Now, in the aftermath of the global economic crisis, inequality has become an important focus for understanding how economies can do better. The World Bank, the IMF, the OECD, and major financial institutions are becoming increasingly concerned that the concentration of income and wealth is damaging countries’ economic potential.
Yet measures to reduce inequality – such as progressive taxation, minimum wages and strong public services – have been under attack across the developed world for many years. As a result, the share of income and wealth held by the top 10%, and particularly the top 1%, has been rising in most developed countries, including Ireland. This is not only damaging to our economy and our society but goes against the tide of public sentiment as revealed in this survey.
People in Ireland strongly believe that the Government should take active steps to address economic inequality. More than 90% are in favour of either increasing the statutory minimum wage, establishing a ‘maximum wage’ or both, with only seven per cent opting for neither of these measures. Compared to 2010, when the same question was asked, there was a rise in support for increasing the minimum wage from 65% to 84% in favour.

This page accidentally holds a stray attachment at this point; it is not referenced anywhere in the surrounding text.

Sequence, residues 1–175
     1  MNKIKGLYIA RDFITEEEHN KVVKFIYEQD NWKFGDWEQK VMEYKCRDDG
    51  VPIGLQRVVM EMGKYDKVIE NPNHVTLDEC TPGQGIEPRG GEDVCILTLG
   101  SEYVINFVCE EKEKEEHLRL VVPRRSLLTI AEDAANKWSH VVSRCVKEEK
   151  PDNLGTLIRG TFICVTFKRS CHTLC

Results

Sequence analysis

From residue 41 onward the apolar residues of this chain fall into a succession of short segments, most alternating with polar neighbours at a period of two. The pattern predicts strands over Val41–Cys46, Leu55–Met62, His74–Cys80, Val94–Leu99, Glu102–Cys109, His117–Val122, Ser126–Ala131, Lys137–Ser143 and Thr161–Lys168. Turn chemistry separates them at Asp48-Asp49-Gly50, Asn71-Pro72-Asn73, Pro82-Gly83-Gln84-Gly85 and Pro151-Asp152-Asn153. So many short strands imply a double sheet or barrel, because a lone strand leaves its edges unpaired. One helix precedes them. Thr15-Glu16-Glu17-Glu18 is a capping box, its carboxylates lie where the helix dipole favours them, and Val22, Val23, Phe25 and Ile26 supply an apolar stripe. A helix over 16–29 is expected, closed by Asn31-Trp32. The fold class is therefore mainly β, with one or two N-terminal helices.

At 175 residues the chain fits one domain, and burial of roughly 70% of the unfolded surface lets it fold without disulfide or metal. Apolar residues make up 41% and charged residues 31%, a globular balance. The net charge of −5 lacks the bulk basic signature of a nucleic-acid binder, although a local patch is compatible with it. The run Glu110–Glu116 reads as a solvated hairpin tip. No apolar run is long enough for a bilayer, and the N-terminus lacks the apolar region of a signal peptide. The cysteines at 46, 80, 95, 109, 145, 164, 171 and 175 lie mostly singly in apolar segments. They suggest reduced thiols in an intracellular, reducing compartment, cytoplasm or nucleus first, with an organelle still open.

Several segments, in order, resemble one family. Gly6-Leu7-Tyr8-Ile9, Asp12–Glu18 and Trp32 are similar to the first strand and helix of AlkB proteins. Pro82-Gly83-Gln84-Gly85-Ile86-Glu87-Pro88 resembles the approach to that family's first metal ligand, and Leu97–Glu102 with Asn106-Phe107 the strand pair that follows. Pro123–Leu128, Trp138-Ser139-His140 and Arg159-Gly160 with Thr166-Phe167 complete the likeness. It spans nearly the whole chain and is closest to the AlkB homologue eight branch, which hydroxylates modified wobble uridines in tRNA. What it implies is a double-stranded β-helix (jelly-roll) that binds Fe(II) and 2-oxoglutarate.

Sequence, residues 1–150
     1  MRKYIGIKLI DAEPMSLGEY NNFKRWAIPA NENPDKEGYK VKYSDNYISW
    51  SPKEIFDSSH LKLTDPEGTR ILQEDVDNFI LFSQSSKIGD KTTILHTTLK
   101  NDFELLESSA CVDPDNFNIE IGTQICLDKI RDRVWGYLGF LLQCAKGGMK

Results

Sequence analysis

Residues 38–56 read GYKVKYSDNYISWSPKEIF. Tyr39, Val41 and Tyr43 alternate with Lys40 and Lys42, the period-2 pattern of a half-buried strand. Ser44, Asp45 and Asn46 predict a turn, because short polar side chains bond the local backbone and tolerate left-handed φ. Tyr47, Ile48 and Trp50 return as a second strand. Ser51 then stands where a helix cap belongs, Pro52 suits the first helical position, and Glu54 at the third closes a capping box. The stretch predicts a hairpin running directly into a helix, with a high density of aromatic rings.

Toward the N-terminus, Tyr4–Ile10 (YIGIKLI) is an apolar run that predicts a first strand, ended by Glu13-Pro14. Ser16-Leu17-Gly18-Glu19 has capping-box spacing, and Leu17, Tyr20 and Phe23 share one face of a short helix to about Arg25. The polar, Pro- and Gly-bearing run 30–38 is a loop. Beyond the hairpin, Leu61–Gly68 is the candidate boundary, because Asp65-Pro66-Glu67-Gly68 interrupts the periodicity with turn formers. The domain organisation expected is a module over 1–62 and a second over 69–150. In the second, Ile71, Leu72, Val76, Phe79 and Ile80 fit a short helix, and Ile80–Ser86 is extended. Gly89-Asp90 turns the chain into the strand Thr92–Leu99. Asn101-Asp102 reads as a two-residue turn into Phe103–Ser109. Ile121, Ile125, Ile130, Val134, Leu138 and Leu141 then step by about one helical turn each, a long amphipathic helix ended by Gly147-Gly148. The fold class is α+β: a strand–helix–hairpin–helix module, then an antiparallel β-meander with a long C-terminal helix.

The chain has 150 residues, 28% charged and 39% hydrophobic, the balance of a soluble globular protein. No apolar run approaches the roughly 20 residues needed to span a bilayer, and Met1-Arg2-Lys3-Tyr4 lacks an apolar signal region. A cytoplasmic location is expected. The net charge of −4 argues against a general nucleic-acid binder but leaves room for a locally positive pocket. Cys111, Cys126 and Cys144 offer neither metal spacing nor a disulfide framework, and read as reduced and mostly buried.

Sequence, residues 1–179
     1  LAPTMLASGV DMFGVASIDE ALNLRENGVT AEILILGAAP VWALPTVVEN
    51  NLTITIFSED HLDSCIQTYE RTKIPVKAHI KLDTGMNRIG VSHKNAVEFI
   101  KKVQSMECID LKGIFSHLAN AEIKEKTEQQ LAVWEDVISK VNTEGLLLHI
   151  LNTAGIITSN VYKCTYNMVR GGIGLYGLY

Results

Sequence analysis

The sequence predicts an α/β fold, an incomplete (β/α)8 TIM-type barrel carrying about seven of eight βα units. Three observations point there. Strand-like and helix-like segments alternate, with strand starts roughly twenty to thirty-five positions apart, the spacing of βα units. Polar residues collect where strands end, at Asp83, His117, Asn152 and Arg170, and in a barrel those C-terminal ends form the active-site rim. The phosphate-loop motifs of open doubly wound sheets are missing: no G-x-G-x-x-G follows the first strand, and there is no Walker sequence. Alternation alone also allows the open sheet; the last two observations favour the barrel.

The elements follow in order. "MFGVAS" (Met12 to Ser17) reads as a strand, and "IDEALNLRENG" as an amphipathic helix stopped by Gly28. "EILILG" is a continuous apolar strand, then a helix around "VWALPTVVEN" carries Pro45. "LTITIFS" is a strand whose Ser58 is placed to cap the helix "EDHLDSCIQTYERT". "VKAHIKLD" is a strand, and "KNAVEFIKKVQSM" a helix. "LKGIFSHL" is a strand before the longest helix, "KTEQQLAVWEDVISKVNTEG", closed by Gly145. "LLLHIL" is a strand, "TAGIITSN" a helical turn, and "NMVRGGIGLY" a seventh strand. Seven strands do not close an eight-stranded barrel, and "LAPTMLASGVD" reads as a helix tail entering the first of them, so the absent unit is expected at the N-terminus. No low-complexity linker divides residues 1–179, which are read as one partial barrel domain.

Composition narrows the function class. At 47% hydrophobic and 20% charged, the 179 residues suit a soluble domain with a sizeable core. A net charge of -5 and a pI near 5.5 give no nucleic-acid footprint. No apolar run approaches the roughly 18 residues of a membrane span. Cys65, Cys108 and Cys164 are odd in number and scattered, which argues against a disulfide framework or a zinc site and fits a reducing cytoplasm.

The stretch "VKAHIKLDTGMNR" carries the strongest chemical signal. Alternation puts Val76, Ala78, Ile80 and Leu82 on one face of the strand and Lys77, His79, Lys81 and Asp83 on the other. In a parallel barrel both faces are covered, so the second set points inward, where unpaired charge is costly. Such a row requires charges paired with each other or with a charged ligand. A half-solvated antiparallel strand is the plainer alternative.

This may reflect the fact that the €8.65 minimum wage is no longer linked to average wages, and remains at the same level as 2006. It might also indicate a growing awareness that the minimum wage is not the same as a living wage. In Ireland a Living Wage, to allow a single person to live a minimum but decent standard of living based on full-time work, has been calculated as €11.45 an hour for a 39-hour week. The problems faced by many workers on the current minimum wage are made worse by the reality that many of them are not given full-time hours on a regular basis yet are not always eligible for State income supports.